ORLANDO, Fla. - Below is a log of the day's events as it relates to the global coronavirus pandemic.
6 p.m. -- The CEO of AdventHealth predicts the state will see a peak of hospitalizations later this month if people follow the Centers for Disease Control's guidelines.
In an interview with Face the Nation Sunday morning, CEO and President of AdventHealth Terry Shaw said he expects to see a peak in COVID-19 hospitalizations this month. READ MORE.
4:30 p.m. -- Florida set a new national record for the largest daily increase in coronavirus cases in the United States on Sunday, while infections continue to spike around the world. READ MORE.
12:30 p.m. -- A long-expected upturn in U.S. coronavirus deaths has begun, driven by fatalities in states in the South and West, according to data on the pandemic. More about the COVID-19 death toll in the United States HERE.
11:15 a.m. -- The Florida Department of Health reported that there have been 269,811 cases of coronavirus statewide, resulting in 4,242 deaths. That is an increase in 15,300 cases and 45 deaths since the numbers reported on Saturday morning.
That is the highest single-day increase of cases yet. The previous record was on July 3, with an increase of 11,458 new cases.
In the last seven days, there have been 69,700 new cases and 511 deaths, according to health official data. A month ago, fewer than 5 percent of tests came up positive on a daily average. Over the past week, the daily average exceeded 19 percent.
9:30 a.m. -- Officials shut down two Florida strip clubs, including one in Orlando, as part of a statewide crackdown on violators of an emergency order that forced bars to close in the face of rising coronavirus cases. Find out which ones HERE.
9 a.m. -- Florida’s coronavirus death rate rose again Saturday, setting a one-week record of nearly 500 fatalities that is about 80 more that the previous seven-day high set in early May. Three weeks ago, Florida’s seven-day average for deaths stood at 30 before it began creeping up and then exploded in recent days, as a record 120 deaths were reported Thursday and another 92 on Friday. More on the death toll in Florida HERE.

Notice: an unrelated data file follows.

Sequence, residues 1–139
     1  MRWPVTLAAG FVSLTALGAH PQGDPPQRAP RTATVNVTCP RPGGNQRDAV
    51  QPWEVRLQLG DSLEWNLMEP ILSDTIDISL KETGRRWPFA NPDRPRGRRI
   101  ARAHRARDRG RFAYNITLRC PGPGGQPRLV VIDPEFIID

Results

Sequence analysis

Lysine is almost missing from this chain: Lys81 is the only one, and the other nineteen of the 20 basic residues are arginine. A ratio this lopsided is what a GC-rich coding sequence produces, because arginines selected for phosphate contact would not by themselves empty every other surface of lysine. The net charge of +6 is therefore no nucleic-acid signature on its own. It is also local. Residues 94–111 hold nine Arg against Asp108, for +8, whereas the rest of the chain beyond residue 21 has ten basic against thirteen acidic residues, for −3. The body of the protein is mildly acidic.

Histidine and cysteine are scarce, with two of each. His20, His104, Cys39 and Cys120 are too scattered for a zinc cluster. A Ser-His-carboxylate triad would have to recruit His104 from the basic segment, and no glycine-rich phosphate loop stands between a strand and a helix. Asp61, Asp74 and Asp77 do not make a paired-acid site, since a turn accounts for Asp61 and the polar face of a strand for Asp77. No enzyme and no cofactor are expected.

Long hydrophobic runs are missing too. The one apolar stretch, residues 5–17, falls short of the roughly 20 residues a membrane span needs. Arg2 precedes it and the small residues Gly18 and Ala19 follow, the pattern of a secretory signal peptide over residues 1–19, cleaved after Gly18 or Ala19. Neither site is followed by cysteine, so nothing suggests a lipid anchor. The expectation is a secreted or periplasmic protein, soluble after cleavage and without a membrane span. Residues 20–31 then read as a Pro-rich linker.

7:30 a.m. -- Orange County will have free coronavirus testing available at Barnett Park between July 13th through 17th and then once again between July 20th through 24th. Testing will run between 9 a.m. and 1 p.m. and appointments are required.
7 a.m. -- The Florida Department of Health on Saturday reported another 10,360 coronavirus cases since Friday. The statewide total is now at 254,511. The death toll has risen to 4,197 after reporting an additional 95 deaths.
Phase two of Florida's reopening is ongoing. The following is in effect:
- Restaurants can now allow bar-top seating with appropriate social distancing.
- Bars and pubs were originally able to operate with 50 percent capacity indoors and full capacity outside as long as appropriate social distancing is followed. However, the state has put a temporary ban on liquor sales at bars as COVID-19 cases surge, forcing many bars to close.